For $C$ an ordinary category and $c \in C$ an object of $C$, the ordinary over category $C\downarrow c$ satisfies the universal property that for any other category $C'$ there is a natural equivalence of categories
where
$C' \star [0]$ denotes the category $C'$ with a freely adjoined terminal object $0$;
$Hom_{c}(C' \star [0], C)$ denotes the category of pairs $(F,\gamma)$, where $F: C' \star [0]\to C$ is a functor and $\gamma:F(0)\to c$ is an isomorphism in $C$.
The object $c$ can be seen as a functor $c: [0]\to C$. From this point of view, $\gamma$ is a natural transformation from $F\circ\iota$ to $c$, where $\iota: [0]\to C' \star [0]$ is the inclusion functor.
Remaining in the classical setting, even more is true: $C'\star [0]$ is a particular case of the join operation between categories, which admits a terse description in terms of the cograph of a profunctor.
More precisely, let $C,D$ be two categories; their join $C\star D$ is defined to be the category whose set of objects is the disjoint union of the sets of objects of $C$ and $D$, and where we add one and only one morphism between any $c\in C$ and any other $d\in D$. This is precisely the cograph of $C\uplus_\omega D$ of the unique profunctor $\omega\colon C^\text{op}\times D\to {\rm Set}$ sending any two $(c,d)$ to the singleton.
It is extremely easy, with this definition, to show that given a functor $p\colon K\to C$, the category $C_{/p}$ of cones over $p$ (and the category $C_{p/}$ of co-cones) are uniquely characterized by the following universal properties:
where $\text{Fun}^p(D\star K, C)$ denotes the category whose objects are functors which coincide with $p$ when restricted to the full subcategory $K\subset K\star D$ (see HTT Prop. 1.2.9.2). This characterize $C_{/p}$ as a representative for the functor $D\mapsto \text{Fun}_p(K\star D,C)$.
The idea of the definition of over category in the context of quasi-categories is to mimic this universal property. This relies crucially on generalizing the construction $C' \star [0]$ to the context of quasi-categories, in terms of the join of quasi-categories.
Fosco Loregian Warning: this paragraph is highly conjectural and for the moment I’m not able to offer any proof for these statements. In particular I would like to show
A word about the quasicategorical join operation: Joyal’s Prop. 3.1 suggests to interpret the join operation of simplicial sets as the convolution of presheaves. Nevertheless, it seems that the “pro-functorial” definition has something to say even in the $(\infty,1)$-categorical case: instead of the quasicategorical model, we want to consider the simplicially enriched model for $(\infty,1)$-categories. In this setting, the join of two $(\infty,1)$-categories $C,D\in\text{sSet-Cat}$ can easily be interpreted as the cograph $C\uplus_\omega D$ of the terminal $\text{sSet}$-profunctor sending any two objects $(C,D)$ to the terminal simplicial set.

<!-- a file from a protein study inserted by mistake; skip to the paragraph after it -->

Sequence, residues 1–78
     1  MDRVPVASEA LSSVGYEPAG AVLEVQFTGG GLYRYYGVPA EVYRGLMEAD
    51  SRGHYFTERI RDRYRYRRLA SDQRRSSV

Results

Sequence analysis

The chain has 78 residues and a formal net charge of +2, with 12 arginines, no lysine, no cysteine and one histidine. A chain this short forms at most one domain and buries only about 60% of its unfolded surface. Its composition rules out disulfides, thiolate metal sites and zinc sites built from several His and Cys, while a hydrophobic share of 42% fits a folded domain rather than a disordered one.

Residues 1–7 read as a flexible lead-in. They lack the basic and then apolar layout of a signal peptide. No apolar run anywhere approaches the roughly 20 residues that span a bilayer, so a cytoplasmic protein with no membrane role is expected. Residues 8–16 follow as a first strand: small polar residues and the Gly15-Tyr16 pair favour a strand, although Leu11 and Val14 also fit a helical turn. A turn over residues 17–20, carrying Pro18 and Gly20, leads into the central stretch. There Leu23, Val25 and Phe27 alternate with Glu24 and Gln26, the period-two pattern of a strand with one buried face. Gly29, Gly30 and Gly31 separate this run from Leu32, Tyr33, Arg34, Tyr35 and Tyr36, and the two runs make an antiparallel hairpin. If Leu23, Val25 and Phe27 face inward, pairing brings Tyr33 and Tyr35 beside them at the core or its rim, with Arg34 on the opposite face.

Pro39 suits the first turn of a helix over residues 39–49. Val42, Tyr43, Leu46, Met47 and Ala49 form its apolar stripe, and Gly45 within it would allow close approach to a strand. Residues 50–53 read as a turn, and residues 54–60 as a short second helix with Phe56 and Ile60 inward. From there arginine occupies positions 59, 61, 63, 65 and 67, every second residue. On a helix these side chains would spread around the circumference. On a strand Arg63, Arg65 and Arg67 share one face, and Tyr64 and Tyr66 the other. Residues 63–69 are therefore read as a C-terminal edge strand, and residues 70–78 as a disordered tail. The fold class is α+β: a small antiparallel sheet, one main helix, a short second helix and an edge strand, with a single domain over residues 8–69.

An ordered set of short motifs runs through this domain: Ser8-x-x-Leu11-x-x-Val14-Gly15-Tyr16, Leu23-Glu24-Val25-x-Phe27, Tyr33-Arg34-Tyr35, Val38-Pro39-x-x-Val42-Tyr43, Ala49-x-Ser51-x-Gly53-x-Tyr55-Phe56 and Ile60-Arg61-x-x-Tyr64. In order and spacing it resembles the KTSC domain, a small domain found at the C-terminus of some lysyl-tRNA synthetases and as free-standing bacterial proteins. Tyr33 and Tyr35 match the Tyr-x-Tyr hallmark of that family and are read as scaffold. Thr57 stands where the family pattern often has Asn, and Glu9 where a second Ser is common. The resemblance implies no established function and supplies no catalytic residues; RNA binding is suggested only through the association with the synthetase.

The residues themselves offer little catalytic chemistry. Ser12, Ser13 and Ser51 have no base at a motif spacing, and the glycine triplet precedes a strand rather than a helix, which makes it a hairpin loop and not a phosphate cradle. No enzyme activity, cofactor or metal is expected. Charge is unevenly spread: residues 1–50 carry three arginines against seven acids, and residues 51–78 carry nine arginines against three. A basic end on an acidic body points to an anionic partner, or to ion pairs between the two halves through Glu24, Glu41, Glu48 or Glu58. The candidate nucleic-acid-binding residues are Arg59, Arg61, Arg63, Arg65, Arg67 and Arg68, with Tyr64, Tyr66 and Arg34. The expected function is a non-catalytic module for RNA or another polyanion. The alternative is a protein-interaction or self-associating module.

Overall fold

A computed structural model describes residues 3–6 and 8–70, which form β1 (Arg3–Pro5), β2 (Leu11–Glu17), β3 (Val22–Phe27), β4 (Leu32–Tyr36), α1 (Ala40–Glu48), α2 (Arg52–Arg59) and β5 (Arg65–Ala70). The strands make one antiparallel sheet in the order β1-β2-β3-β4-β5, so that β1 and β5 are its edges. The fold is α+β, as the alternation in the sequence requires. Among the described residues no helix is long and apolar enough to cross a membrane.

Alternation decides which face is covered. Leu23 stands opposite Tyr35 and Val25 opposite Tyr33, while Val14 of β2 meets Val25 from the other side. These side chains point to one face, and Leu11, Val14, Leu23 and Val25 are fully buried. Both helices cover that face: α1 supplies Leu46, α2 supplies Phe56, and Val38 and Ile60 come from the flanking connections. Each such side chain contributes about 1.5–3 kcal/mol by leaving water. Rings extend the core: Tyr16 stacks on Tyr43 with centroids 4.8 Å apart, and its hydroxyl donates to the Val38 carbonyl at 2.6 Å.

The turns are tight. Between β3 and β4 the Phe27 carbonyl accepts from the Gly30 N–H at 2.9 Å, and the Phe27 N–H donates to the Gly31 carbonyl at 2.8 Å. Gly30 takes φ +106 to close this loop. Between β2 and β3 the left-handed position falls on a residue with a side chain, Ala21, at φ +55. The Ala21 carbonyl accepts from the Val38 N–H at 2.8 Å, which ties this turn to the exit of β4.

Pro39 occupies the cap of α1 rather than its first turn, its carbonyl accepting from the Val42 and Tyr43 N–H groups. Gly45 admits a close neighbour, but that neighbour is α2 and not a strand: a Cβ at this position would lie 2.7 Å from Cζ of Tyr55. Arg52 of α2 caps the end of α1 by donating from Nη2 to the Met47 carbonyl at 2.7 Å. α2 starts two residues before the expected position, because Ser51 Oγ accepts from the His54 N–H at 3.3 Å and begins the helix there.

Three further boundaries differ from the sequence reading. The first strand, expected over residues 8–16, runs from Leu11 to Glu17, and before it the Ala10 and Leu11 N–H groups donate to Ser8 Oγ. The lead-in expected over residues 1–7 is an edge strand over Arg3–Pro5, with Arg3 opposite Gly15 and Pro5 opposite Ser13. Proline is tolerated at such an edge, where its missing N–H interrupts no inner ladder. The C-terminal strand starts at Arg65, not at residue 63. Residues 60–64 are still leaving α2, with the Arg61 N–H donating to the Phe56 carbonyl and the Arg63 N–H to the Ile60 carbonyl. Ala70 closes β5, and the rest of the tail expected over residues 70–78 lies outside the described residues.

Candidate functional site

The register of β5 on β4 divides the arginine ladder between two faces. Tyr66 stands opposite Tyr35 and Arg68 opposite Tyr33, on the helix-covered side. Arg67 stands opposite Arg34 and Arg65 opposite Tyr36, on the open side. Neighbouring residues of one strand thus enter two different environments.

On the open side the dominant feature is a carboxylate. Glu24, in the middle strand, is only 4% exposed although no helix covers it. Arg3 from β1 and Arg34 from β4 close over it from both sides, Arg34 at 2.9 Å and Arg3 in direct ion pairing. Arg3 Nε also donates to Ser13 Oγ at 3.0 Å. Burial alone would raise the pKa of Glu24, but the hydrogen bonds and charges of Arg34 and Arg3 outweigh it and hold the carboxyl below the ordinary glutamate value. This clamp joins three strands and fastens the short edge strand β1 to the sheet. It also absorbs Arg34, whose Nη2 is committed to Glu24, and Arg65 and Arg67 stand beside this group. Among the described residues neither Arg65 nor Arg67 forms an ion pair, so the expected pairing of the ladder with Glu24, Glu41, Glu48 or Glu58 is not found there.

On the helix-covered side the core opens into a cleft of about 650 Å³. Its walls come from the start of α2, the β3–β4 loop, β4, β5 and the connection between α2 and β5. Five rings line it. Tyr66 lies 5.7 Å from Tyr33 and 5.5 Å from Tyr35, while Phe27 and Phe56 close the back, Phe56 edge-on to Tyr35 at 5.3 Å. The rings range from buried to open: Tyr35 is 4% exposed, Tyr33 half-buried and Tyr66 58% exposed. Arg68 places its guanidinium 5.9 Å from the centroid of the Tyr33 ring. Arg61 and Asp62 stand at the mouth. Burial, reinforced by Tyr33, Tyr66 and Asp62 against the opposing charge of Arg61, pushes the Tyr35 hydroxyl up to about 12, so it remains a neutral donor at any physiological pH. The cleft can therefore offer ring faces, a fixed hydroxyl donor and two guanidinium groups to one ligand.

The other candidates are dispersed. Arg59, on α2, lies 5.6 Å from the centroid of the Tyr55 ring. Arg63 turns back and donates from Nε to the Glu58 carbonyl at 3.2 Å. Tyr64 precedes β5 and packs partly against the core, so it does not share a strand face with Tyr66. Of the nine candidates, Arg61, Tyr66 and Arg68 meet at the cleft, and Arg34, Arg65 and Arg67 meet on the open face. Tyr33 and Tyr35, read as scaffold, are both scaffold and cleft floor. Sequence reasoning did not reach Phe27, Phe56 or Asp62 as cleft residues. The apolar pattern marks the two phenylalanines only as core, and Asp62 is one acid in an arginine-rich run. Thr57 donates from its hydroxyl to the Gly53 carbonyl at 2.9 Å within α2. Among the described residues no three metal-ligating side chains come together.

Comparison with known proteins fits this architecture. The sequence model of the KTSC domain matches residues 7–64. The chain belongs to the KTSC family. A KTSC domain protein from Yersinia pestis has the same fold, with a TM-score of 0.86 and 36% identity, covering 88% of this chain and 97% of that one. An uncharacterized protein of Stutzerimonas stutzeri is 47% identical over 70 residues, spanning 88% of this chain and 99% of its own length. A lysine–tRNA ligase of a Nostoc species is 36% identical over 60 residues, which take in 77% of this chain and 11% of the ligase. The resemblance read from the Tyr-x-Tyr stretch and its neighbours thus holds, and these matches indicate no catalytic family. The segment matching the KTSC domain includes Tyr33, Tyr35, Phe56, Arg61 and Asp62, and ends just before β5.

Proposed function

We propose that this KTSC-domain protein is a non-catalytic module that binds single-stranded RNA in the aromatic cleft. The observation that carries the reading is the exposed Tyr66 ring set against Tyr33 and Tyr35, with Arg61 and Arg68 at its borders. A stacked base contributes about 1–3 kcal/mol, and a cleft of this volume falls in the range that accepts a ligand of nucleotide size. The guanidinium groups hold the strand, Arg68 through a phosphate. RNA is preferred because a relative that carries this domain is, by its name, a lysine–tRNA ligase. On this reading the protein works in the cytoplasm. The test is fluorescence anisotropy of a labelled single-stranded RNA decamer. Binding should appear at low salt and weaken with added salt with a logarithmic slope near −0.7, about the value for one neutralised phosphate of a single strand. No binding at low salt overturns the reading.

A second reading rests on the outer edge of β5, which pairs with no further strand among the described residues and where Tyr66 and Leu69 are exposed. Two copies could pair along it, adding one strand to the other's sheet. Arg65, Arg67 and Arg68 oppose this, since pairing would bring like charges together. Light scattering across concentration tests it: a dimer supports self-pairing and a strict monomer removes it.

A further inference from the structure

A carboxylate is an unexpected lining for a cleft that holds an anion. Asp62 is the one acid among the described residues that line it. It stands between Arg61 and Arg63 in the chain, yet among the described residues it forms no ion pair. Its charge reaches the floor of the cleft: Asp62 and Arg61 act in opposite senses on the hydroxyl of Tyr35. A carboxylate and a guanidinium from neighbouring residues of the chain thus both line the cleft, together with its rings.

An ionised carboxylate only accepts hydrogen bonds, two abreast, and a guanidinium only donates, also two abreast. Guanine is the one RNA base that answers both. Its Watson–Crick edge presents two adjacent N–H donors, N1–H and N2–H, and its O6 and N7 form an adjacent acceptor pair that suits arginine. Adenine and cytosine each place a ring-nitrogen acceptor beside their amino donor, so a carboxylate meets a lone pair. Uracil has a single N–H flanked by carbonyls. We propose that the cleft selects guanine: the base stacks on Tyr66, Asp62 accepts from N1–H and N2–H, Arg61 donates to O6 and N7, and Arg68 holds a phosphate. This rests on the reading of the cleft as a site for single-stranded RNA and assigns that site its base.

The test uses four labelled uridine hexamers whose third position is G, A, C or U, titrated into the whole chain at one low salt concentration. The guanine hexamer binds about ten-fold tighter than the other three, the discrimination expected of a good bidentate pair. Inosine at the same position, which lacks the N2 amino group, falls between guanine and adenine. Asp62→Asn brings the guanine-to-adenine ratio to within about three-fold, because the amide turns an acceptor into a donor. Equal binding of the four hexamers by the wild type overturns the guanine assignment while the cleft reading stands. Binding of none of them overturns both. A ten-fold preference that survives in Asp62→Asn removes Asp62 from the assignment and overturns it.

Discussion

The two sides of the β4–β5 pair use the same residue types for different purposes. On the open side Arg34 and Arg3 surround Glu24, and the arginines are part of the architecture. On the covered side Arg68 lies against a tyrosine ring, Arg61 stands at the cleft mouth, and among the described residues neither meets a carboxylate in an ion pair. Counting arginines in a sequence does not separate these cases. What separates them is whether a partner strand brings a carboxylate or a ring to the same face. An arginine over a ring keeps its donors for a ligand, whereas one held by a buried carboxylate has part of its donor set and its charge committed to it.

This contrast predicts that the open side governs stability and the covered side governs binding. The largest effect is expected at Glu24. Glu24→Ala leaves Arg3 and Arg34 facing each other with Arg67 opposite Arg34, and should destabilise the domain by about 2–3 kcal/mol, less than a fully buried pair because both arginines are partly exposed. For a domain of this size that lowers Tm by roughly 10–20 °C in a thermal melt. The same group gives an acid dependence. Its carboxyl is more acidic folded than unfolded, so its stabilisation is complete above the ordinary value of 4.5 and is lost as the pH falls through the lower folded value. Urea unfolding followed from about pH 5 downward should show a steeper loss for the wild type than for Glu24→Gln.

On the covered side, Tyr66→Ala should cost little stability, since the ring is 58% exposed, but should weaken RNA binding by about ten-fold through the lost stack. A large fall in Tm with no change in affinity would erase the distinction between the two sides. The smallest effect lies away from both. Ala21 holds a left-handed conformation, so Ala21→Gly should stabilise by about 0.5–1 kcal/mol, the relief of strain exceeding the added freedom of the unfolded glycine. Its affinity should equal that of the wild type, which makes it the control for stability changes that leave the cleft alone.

See also this question on MO.
Therefore, let $F : K \to C$ be a morphism of quasi-categories; the over-quasi-category $C_{/F}$ is the quasi-category characterized by the property that for any other quasi-category $S$ there is a natural equivalence of quasi-categories
where
$S \star K$ is the join of quasi-categories of $S$ with $K$;
$Hom_{F}( S \star K, C )$ is the quasi-category of pairs $(f,\gamma)$, where $f : S \star K \to C$ is a morphism of quasi-categories and $\gamma\colon f\circ \iota\to F$ is an isomorphism and $\iota:K\to S \star K$ is the natural inclusion.
Here one sees the advantage of having worked with the full quasi-categories of morphisms rather than with Hom-Sets. Indeed, if $[0]$ denotes the terminal quasi-category, then any quasi-category $C$ is naturally equivalent to $Hom([0],C)$.
Therefore the above description of $C_{/F}$ is reduced to the following
Let $F : K \to C$ be a morphism of quasi-categories. The over-quasi-category $C_{/F}$ is the quasi-category $Hom_{F}( [0] \star K, C )$.
See proposition 1.2.9.2, p. 44 and the text leading to and including proposition 1.2.9.3 of
See also chapter 3 (_Join and Slices_) in
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